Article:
The barge will process the liquid, separate out methane gas (CH4), which is the principal component of natural gas, and return the CO2 safely to the lake. The gas will then be sent by pipeline to a power plant in lakeside town of Kibuye. Methane emitted from coal mines and landfills is often burned to make electricity.

In fact, as Fox explained, the technology behind the Lake Kivu power plan isn't that complex. What's harder is getting the project built in landlocked nation with limited infrastructure. "We're 1,900 kilometers from the closest seaport. The logistics of the job are going to be more challenging than the project itself," he said.

Then again, getting the job done could literally be a matter of life and death. "In the next 200 years, if nothing is done, the lake could erupt," Fox said.

Just as crucial are the potential economic benefits. I've followed the Rwanda story since visiting the country in 2005 with Rick Warren, the evangelical minister, and seeing first-hand the aftermath of the genocide there. In recent years, U.S. corporations, including Starbucks, Costco and Google, have taken an special interest in the country known as the Land of a Thousand Hills (see Why CEOs Love Rwanda). Rwanda's business-friendly president, Paul Kagame, even spoke at a Starbucks annual meeting. A can-do spirit animates their efforts, As Rob Glaser, the tech entrepreneur, once told me: "If you make a Rwanda a better place, you haven't solved all the world's problems but you have demonstrated that the problems can be solved."

But there are troubling reports coming out of Rwanda, too. The Kagame administration has repressed Rwandan journalists, advocacy groups and opposition leaders, according to Amnesty International. Just this month, Human Rights Watch said that the regime's opponents face increasing threats, attacks, and harassment in advance of Rwanda's August 2010 presidential election. Some of this reflects the lingering effects of the 1994 genocide which killed an estimated 800,000 people in about 100 days.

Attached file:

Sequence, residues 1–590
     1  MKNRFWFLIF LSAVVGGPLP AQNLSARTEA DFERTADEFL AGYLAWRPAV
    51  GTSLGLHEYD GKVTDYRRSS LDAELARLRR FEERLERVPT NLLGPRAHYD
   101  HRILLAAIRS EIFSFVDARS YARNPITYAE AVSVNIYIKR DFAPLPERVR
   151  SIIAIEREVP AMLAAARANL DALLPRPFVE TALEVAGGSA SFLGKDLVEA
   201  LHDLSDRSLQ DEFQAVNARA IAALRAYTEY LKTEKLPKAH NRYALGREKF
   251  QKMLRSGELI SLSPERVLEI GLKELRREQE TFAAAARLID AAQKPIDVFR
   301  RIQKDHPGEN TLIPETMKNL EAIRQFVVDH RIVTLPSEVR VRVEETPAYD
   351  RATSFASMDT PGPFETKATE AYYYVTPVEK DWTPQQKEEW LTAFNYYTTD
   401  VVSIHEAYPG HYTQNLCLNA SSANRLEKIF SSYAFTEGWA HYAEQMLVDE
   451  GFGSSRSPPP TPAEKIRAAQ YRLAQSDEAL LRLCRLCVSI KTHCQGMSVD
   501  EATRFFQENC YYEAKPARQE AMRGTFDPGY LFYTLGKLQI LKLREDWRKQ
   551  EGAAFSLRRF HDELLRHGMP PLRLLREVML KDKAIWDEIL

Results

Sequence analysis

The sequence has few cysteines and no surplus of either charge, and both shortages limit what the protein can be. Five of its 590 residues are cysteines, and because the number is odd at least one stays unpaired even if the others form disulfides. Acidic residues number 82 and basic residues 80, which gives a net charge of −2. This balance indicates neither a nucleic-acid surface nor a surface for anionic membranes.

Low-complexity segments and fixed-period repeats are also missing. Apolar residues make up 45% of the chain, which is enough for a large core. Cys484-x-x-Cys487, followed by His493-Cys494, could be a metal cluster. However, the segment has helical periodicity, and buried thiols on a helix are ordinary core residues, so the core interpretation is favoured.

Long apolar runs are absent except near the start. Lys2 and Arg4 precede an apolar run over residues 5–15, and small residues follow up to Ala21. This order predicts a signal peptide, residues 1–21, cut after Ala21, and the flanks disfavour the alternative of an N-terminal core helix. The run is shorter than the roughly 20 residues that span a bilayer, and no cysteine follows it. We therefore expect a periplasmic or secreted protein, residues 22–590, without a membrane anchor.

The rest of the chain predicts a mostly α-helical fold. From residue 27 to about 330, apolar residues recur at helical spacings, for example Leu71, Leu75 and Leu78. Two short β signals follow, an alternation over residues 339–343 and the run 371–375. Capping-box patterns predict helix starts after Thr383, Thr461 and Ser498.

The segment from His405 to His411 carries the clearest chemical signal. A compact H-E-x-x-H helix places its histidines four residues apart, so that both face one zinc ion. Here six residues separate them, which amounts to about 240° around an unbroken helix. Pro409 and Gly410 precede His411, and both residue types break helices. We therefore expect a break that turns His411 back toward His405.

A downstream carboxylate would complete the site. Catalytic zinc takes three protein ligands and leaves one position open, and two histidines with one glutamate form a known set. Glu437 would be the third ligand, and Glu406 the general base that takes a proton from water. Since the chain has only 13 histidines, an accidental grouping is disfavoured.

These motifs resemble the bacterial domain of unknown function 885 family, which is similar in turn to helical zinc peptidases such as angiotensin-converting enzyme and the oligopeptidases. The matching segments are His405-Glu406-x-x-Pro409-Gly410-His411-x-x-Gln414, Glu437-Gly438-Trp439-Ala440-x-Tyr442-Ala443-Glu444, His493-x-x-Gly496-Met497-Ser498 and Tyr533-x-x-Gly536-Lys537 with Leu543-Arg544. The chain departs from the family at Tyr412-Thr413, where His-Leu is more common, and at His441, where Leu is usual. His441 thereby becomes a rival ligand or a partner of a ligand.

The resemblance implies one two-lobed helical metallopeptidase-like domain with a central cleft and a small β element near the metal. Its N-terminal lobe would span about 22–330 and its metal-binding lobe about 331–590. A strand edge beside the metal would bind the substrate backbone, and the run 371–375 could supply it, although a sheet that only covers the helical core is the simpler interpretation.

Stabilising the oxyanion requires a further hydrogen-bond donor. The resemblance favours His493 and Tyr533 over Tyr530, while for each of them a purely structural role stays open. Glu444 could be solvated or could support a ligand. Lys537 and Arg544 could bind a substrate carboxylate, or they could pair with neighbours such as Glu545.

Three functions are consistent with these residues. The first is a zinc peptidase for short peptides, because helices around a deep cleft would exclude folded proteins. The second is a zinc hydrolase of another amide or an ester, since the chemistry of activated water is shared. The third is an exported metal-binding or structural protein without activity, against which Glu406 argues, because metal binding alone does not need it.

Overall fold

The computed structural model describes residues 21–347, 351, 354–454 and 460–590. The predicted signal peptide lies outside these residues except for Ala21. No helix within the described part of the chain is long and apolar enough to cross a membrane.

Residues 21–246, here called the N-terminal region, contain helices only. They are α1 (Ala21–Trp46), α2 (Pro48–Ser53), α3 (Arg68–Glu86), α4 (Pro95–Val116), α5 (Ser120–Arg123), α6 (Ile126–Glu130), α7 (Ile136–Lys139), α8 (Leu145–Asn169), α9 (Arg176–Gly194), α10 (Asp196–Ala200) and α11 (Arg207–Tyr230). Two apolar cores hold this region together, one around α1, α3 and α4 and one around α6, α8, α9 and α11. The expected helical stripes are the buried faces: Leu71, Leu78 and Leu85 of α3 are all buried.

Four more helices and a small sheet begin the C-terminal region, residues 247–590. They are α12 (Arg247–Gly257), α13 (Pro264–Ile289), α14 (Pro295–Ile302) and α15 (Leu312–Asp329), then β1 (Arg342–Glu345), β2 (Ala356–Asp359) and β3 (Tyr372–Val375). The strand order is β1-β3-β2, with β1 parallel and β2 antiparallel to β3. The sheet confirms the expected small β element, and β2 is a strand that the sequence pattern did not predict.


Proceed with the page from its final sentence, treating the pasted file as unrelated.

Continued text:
In that context, the Contour Global project is particularly important because economic growth and democracy often go hand-in-hand.The relationship between economic growth and democracy isn't simple but there's considerable evidence that "countries are likely to become democratic if economic growth succeeds in raising their average incomes to high enough levels," according to this analysis by economist Gary Becker.

And, of course, a growing economy needs access to electricity. Google, for example, has a partnership with Rwanda's schools and ministries that will have more if Internet access becomes widespread. As I write this blogpost on my laptop in a coffee shop with free wi-fi in Bethesda, Md., it's easy to forget that one-quarter of the world's population lacks access to electricity.

Making an on-off switch part of their lives is transformative. That's why Bill Fox, who has been in the power business for 30 years, is so jazzed about his work.

"This is a great opportunity for us as Contour Global," Fox said. "Obviously, we're getting paid but it's almost like a mission to be benefiting countries like Rwanda." Senior Writer Marc Gunther is a longtime journalist and speaker whose focus is business and sustainability. Marc maintains a blog at You can follow him on Twitter @marcGunther.

Lake Kivu photo CC-licensed by Flickr user tonikyrinfo.